Steve and Bekah Legg are experienced parents, and this shows in the books they’ve produced. Again, they’ve kept things short and snappy.
The Bible passage for each day is included in the book, making it a great choice for holidays – or, in fact, any day when you can’t find your Bible). Then you get thoughts, fun facts and stories from Steve and Bekah, some questions to think about, and a prayer.
This resource would be suitable for preschool and primary-aged children.
6. Seasonal devotionals (various)
If you’re in the season of Lent (as we are at the time of writing) or Advent, you may like to pick up something relevant to this. Fortunately, there’s lots of choice.
We’re currently doing Hope & Ginger’s Lent Prayer Tree, and finding it more than manageable in our crazy-chaotic family. Our kids enjoy putting the stickers on each day, and offering their ideas for who or what to pray for under each day’s suggested category.
Soon we’re planning to start this 15-day Lent devotional and calendar (soon, because it’s going to take OUR family longer than 15 days…). There’s still time to order yours to carry you through till Easter – and boy, do we need things which will build up our excitement to Easter this year!
Check out my 30 Simple Lent Ideas post for more Lent devotionals.
7. Our Family Prayer Journal (£10)
Another fab resource from Hope & Ginger, we really like this journal – although we’ve put it on hold while we do the Prayer Tree!
It’s a great, short and simple way to focus our minds, and it’s undated, so you can dip in every day, once a week, or whenever works for you! It would also work brilliantly alongside a Bible-reading resource.
8. Devotional Dippers (£5.91)
10ofthose are onto something with these! They are truly awesome.
Great for toddlers through to older children, you literally pull one out of the tube whenever you have a few minutes (over a meal is ideal). Each stick contains a ‘key word’, accompanying Bible passage to look up, a question and prayer idea. They all fit on a stick, so they have to be short and sweet!
The tube just sits on a shelf in our dining room, and every so often we pull out a stick. All our kids (aged 5-10) absolutely LOVE the randomness of this! And although we haven’t done this consistently, I’m seriously thinking it will be our daily devotional resource after Easter.
9. Indescribable (£12.70)
Here’s another resource I haven’t used personally, but friends swear by it. (Well, not literally – that would be weird.)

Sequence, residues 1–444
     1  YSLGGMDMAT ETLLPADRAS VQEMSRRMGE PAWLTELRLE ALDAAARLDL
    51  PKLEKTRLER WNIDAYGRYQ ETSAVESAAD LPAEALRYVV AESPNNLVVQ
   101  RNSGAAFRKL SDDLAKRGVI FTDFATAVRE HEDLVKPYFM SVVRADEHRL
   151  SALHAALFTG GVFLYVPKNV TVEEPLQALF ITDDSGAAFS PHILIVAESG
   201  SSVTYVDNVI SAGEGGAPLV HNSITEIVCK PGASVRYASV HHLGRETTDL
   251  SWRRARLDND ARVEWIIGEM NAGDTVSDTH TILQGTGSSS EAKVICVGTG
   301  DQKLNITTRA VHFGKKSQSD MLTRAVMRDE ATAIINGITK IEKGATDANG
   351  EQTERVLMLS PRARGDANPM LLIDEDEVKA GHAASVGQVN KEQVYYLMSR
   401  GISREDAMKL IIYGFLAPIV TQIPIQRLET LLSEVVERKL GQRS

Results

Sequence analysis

Particularly great for scientific kids who love exploring the world around them, this book contains 100 devotions to do daily, weekly, or whenever suits you. Each devotion contains a Bible passage to look up, a reflection from author Louie Giglio, a prayer and a scientific fact.
The aim is to get kids praising the awesome God who made our incredible universe. It’s a bit wordy, so your kids would have to be really interested in this kind of stuff – or old enough to be able to sit and listen for a few minutes while you read – but the content is very strong, and guaranteed to raise fascinating questions and discussions with your children.
And, when you’ve finished, you can grab the sequel: How Great is Our God, for even more fascinating reflections on God and science.
10. Jesus Storybook Bible (£12.87)
If all else fails – although that’s a much more negative way to phrase this final suggestion than it deserves – simply reading through a children’s Bible, bit by bit, is a great thing to do with your kids.
I recommend the Jesus Storybook Bible for this because it’s so beautifully written, like a bedtime story, with gorgeous illustrations to boot. The chapters are manageable, and it makes a great daily devotional.
We read this to Monkey and Meerket (5) at the end of last year, and they were absolutely captivated. We read it at bedtime, after their bedtime stories, and they looked forward to it each night. This is a great option for preschoolers as well as young primary-aged children.
For more ideas on how to spiritually nurture your kids during this bizarre time, check out Victoria Beech’s excellent post Faith at Home in a time of Coronavirus.
And if you’re still unsure of how to get your noisy, crazy family engaged in God-time, be encouraged that my family is hugely chaotic and we (sometimes) manage it – check out Family Devotional Ideas (When Your Kids are Running Riot) for inspiration and hope!